A law firm has filed a "petition for reconsideration" with the Federal Communications Commission today saying that its new rules voted on in its February meeting are not strong enough. The petition to the courts was filed by Washington, D.C.-based law firm Smithwick and Belendiuk.
Arthur Belendiuk, a partner in the firm, says that the new rules fall short in a number of ways, most notably in how they forbear applying traditional telecommunication regulations to broadband despite reclassifying its as a regulated telecom service.
Once again the Senate is using a budget hearing to rail against the Federal Communications Commission's changes to net neutrality rules voted on in February.
At a Senate appropriations hearing today, Republican Commissioner Ajit Pai urged the panel of lawmakers not to provide funds to FCC needed to implement the new rules.
"The commission will spend a lot of money and time applying regulations that are wasteful and unnecessary and that are already proving harmful to the American public," Pai said.
In a speech at the National Cable & Telecommunications Association (NCTA) conference in Chicago yesterday, FCC chairman Tom Wheeler offered a blunt message to service providers in the United States: stop complaining about the new net neutrality rules and start competing. Of course Wheeler had a lot more to say at the annual gathering of cable operators.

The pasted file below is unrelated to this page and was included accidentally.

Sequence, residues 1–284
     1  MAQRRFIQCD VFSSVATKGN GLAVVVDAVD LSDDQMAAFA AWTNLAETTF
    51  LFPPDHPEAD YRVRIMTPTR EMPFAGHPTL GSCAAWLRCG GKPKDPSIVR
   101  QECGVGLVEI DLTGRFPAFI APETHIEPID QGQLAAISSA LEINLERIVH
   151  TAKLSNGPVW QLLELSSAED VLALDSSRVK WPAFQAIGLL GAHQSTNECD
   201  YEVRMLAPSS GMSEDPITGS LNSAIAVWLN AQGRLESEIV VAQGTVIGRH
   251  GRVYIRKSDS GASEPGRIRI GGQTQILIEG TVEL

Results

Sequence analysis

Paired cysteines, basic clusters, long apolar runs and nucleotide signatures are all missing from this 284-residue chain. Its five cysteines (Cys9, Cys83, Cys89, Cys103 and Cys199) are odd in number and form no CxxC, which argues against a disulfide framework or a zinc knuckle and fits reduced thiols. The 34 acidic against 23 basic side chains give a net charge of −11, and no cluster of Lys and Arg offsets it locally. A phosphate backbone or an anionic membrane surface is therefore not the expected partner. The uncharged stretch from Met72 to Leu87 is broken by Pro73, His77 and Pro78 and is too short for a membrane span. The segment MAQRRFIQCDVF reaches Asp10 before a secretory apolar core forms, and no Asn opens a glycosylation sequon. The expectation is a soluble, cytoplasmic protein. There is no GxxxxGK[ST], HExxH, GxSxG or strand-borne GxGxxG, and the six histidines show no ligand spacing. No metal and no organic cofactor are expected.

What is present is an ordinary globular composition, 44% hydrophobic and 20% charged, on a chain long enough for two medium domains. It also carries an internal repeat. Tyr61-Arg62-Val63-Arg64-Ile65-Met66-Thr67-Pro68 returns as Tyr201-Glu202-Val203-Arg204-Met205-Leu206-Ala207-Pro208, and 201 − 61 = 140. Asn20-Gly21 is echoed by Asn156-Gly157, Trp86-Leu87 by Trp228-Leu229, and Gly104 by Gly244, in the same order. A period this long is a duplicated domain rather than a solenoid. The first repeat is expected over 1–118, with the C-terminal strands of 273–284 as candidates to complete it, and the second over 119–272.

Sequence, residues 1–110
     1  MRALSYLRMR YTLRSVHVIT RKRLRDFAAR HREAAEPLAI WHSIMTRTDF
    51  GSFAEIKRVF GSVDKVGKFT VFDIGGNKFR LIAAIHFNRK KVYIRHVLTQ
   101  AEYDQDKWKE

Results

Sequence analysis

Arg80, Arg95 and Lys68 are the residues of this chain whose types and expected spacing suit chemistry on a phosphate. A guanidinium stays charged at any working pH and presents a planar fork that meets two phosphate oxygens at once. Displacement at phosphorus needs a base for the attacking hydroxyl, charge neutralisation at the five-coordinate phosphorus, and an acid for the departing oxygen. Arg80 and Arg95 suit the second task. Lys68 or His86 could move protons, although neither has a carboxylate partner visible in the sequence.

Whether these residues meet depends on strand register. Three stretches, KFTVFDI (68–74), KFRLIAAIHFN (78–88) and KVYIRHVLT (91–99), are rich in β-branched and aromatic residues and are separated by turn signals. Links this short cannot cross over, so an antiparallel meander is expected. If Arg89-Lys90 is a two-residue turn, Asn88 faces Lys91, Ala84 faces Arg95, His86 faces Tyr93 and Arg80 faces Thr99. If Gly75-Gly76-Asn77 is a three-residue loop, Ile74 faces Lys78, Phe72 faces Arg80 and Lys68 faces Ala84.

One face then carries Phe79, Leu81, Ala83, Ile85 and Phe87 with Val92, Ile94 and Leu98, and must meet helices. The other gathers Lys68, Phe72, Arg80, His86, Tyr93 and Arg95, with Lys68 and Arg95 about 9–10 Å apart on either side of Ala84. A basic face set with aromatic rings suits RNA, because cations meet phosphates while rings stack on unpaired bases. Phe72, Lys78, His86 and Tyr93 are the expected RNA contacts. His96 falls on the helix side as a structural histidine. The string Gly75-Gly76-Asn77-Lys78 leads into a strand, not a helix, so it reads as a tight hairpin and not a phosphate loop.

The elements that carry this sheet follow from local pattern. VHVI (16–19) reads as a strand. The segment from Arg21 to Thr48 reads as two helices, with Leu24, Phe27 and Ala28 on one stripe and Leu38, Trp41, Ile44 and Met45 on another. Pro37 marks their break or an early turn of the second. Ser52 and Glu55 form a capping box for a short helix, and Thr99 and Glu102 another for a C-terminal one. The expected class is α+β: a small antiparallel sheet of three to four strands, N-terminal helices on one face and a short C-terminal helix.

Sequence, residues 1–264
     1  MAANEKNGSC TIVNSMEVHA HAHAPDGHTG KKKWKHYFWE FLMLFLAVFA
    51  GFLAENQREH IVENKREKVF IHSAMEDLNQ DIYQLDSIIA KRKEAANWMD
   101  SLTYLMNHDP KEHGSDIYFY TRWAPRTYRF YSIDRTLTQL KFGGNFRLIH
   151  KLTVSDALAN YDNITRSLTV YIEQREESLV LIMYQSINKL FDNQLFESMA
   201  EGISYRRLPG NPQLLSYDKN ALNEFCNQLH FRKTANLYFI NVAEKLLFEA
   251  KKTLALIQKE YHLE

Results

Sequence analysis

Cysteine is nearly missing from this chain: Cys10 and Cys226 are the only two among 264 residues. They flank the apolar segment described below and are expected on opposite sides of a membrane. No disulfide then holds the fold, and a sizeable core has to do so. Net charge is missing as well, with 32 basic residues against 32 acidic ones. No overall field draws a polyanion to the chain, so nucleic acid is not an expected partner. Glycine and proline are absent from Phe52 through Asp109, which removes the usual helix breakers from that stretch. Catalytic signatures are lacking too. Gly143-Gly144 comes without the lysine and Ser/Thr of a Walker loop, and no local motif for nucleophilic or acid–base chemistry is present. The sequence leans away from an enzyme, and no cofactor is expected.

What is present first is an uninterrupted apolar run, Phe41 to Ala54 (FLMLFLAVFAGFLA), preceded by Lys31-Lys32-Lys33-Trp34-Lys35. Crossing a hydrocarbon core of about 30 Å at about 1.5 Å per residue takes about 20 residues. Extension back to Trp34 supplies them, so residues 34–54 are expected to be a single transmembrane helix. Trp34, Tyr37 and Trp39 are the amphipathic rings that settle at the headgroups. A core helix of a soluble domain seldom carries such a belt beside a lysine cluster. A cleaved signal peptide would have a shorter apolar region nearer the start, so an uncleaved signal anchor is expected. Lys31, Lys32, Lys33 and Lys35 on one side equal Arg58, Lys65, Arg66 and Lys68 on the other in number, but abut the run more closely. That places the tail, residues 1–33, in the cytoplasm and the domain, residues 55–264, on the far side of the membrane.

Trade groups and service providers are being clever in how they can derail the new net neutrality rules; besides all of the actions being driven by its supporters in Congress, these groups are also formally requesting that the Federal Communications Commission delay the implementation of one particular rule change: reclassifying broadband and mobile service providers as "common carriers" under title II of the Telecommunications Act.
Federal Communications Commission Chairman Tom Wheeler is popular among republican lawmakers - and by popular we mean a regular target of House and Senate committee hearings. Wheeler was hauled before the House Commerce Committee's Communications and Technology subcommittee this week for a hearing about transparency: "FCC Reauthorization: Improving Commission Transparency" (as detailed by this Ars Technica report).
Senator Rand Paul (R-Kentucky) introduced a "resolution of disapproval" (PDF) this week that declares that the FCC’s new policy "shall have no force or effect." The resolution is nearly identical to what Rep. Doug Collins (R-Georgia) introduced in the House of Representatives earlier this month. Here's what Sen. Paul's Senate effort states:
The Federal Communications Commission (FCC) has received a request to delay the implementation of new Internet regulations it approved in its late February meeting, according to Reuters. The very first request comes from Daniel Berninger, founder of the Voice Communication Exchange Committee, who has asked the FCC to delay the rules so that things can be sorted out in the courts. The FCC is being sued by several ISPs and trade groups over the rule changes already.
The $45 billion merger deal between Comcast and Time Warner Cable is officially dead. Comcast announced this morning that it would abandon the deal in the face of growing opposition from the Justice Department and the Federal Communications Commission. Because Comcast didn't have a separation agreement, it does not have to pay Time Warner Cable any sort of separation fee.